Foxconn could be a Scout builder, Nissan and Renault are trying again, Hyundai has a battery partner, and a bunch of sedans are dead.
Welcome to The Morning Dump, bite-sized stories corralled into a single article for your morning perusal. If your morning coffee’s working a little too well, pull up a throne and have a gander at the best of the rest of yesterday.
Foxconn + VW = Scout?
You probably don’t know what Hon Hai Technology Group is, but you’ve used something the company’s built. In fact, the iPhone or iPad you’re reading this on could have been built by the Taiwanese megacompany. Perhaps you know it by its more popular international name: Foxconn.
If it’s electronic, Foxconn probably builds it in one of its massive and sometimes terrible plants.
The company always manages to be on the edge of what’s coming, which explains why it’s jumped into EV truck manufacturing by purchasing the former Lordstown GM plant from Lordstown Motors in an agreement that sees Foxconn making the Lordstown Endurance truck and owning part of that company. It’s possible that Lordstown is not the future of the car industry, no offense, so what’s with Foxconn’s investment?
There was an interesting piece filed this morning in Automobilewoche (the German sister pub of Automotive News) that indicates Volkswagen is at least “in talks” with the Taiwanese company to manufacture Scout EV trucks and SUVs. That’s right, the Scout of International-Harvester fame that brought us rugged and handsome trucks and SUVs of yesteryear.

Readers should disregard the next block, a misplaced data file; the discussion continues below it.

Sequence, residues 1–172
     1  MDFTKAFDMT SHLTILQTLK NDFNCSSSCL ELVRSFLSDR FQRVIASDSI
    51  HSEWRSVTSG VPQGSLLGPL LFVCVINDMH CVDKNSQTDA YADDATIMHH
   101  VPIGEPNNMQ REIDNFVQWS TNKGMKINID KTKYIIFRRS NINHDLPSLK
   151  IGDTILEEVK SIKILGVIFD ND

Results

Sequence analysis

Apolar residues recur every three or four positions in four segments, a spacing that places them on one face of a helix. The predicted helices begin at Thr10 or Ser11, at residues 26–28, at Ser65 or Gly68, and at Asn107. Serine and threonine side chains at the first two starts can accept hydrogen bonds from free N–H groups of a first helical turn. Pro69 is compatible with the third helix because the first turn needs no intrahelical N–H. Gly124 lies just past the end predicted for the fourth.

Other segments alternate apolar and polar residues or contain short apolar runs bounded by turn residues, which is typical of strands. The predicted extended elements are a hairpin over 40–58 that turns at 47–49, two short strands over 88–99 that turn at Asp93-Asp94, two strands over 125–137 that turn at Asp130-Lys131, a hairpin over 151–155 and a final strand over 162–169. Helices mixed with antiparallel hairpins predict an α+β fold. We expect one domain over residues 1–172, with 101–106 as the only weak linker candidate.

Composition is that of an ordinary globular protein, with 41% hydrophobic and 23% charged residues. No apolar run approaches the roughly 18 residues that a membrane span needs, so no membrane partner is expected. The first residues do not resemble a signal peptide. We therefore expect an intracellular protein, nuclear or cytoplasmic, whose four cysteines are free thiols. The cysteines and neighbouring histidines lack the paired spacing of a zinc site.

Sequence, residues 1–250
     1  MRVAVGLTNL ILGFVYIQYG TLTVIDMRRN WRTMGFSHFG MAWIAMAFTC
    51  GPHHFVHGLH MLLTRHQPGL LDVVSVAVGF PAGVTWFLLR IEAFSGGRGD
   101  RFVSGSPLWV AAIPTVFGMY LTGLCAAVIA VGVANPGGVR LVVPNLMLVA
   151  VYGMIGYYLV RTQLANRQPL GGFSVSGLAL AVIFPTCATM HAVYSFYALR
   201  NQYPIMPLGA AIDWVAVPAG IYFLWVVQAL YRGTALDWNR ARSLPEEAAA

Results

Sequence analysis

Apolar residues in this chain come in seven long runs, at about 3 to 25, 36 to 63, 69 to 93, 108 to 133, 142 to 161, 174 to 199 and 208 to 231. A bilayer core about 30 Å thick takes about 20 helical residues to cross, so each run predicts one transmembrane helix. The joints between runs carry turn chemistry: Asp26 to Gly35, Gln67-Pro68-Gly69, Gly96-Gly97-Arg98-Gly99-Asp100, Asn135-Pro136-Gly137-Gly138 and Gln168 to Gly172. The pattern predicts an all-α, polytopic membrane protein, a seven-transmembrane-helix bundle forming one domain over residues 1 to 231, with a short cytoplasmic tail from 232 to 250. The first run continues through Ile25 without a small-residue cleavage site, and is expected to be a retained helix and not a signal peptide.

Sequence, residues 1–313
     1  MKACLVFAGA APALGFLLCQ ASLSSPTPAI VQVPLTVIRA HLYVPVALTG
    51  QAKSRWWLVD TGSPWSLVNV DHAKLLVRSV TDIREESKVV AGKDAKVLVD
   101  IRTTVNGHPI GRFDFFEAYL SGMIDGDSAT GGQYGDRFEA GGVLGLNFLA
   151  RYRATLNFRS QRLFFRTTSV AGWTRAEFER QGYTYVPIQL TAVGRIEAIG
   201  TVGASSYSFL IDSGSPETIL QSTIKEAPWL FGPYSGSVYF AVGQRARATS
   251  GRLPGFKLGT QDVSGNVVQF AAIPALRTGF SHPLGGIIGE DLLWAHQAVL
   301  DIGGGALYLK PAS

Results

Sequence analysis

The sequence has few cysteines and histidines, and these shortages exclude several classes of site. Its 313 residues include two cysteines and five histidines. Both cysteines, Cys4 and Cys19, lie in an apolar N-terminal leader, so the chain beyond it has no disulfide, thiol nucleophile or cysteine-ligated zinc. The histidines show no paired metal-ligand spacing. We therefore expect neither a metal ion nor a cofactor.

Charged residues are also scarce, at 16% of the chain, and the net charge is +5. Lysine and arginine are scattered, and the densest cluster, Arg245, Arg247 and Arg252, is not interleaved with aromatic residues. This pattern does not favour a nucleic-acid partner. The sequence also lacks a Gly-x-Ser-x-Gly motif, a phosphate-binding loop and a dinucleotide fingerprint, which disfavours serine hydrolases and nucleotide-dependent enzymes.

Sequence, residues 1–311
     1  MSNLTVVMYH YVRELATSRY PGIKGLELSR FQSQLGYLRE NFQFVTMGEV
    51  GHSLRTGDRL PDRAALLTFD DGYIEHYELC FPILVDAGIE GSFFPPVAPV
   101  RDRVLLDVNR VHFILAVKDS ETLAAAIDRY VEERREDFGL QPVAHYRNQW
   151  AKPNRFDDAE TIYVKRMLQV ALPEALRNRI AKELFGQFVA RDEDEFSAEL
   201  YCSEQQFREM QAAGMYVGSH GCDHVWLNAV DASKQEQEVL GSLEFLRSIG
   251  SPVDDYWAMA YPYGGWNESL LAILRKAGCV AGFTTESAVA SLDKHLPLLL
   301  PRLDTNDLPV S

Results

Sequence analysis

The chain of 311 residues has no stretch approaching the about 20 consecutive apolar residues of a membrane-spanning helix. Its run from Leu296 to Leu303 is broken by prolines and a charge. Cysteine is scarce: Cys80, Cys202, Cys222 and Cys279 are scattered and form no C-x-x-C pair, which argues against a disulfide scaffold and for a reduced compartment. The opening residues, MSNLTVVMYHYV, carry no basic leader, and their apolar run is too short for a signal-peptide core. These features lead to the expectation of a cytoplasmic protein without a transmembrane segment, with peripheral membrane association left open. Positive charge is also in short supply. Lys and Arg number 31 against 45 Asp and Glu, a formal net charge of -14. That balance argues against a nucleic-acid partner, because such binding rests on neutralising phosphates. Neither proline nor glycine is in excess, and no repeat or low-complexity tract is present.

Foxconn last month unveiled two new electric vehicles prototypes highlighting its ambitions to become a major car manufacturer, replicating its success in electronics assembly as Apple’s biggest manufacturing partner. A partnership with VW could give Foxconn a major breakthrough.
Why is Volkswagen going to build a Scout? It’s a good question and, lucky for us, Thomas broke down the whole sordid history earlier this year. The short version is that International-Harvester became Navistar, which in turn became part of Volskwagen’s truck arm.
The article goes on to note that Magna-Steyr is also in the mix for making the trucks, which are expected to come to market in 2026.
Renault And Nissan Still Trying To Work It Out
It’s fairly well established that the Nissan-Renault-Mitsubishi Alliance was a marriage of inconvenience built around two fundamental truths:
- Renault, a huge employer partially owned by the French state, was never going to be allowed to fully fail even as it made mediocre cars and bad decisions.
- Nissan, not owned by the Japanese state and maker of great cars and equally bad decisions, was going to be allowed to fail.
Back in the late 1990s, Nissan found itself buried under a mountain of debt following the popping of Japan’s Bubble Era. The Japanese automaker hoped that DaimlerChrysler and Dr. Z would come to its rescue but, alas, Nissan’s debt and Daimler’s poor experience with Chrysler led the German manufacturer to walk away from the potential deal.